Here, we conclude that respondents exposed their garbage to the public sufficiently to defeat their claim to Fourth Amendment protection. It is common knowledge that plastic garbage bags left on or at the side of a public street are readily accessible to animals, children, scavengers, snoops, and other members of the public. … Moreover, respondents placed their refuse at the curb for the express purpose of conveying it to a third party, the trash collector, who might himself have sorted through respondents’ trash or permitted others, such as the police, to do so. Accordingly, having deposited their garbage “in an area particularly suited for public inspection and, in a manner of speaking, public consumption, for the express purpose of having strangers take it,” respondents could have had no reasonable expectation of privacy in the inculpatory items that they discarded.

Justice BRENNAN, with whom Justice MARSHALL joins, dissenting.

Every week for two months, and at least once more a month later, the Laguna Beach police clawed through the trash that respondent Greenwood left in opaque, sealed bags on the curb outside his home.… Complete strangers minutely scrutinized their bounty, undoubtedly dredging up intimate details of Greenwood’s private life and habits. …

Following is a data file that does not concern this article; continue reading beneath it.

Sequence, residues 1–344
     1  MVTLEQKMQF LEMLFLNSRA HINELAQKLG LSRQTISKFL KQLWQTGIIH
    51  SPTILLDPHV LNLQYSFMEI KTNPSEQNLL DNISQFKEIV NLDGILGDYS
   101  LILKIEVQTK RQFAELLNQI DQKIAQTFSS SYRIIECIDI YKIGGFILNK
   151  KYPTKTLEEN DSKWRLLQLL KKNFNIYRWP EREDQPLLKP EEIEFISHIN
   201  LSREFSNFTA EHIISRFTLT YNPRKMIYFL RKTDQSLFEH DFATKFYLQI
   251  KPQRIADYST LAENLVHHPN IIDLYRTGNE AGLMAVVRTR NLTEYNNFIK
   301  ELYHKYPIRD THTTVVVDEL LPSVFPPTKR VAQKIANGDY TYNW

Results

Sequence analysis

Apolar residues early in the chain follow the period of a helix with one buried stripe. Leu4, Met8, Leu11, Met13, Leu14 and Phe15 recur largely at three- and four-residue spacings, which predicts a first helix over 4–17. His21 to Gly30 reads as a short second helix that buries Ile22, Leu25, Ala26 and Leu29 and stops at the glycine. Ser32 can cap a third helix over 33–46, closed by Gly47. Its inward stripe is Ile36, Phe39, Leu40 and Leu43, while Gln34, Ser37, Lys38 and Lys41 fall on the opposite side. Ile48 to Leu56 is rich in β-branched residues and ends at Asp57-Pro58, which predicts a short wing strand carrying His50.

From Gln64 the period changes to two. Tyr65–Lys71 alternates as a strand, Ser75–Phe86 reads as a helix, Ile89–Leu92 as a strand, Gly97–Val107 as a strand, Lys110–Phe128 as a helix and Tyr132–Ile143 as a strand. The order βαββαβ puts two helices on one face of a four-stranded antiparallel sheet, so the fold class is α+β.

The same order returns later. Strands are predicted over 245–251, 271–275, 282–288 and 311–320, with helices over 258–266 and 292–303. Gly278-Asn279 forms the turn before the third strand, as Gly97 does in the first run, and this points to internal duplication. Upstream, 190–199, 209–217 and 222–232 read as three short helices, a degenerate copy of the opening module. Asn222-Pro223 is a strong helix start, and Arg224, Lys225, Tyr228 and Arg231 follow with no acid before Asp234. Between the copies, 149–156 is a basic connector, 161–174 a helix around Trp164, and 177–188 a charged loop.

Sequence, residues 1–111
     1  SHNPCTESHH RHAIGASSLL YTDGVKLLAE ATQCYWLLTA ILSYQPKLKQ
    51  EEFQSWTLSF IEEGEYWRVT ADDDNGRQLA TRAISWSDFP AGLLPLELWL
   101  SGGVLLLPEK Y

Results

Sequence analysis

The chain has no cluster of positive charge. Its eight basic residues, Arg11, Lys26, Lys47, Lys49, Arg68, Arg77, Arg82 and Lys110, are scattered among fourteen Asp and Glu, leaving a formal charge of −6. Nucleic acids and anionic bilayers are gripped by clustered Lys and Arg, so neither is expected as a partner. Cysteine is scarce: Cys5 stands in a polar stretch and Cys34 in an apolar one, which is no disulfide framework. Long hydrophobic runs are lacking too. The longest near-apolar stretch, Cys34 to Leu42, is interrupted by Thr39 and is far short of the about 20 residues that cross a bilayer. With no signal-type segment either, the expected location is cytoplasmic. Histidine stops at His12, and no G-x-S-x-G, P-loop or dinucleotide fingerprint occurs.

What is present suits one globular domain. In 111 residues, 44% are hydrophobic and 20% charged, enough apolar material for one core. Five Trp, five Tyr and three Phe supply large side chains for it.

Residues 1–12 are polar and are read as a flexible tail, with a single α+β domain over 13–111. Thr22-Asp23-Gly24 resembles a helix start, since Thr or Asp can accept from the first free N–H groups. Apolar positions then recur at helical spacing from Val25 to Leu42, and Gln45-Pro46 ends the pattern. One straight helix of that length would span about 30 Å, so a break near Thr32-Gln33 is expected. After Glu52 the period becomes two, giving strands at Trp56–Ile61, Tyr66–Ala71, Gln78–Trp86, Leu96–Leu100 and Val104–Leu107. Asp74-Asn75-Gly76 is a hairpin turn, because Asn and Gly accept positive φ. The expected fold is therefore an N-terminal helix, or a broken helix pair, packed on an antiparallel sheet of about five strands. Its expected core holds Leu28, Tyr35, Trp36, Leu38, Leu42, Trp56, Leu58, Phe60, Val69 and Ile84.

Scrutiny of another’s trash is contrary to commonly accepted notions of civilized behavior. I suspect, therefore, that members of our society will be shocked to learn that the Court, the ultimate guarantor of liberty, deems unreasonable our expectation that the aspects of our private lives that are concealed safely in a trash bag will not become public.

“A container which can support a reasonable expectation of privacy may not be searched, even on probable cause, without a warrant.” ... Thus, as the Court observes, if Greenwood had a reasonable expectation that the contents of the bags that he placed on the curb would remain private, the warrantless search of those bags violated the Fourth Amendment.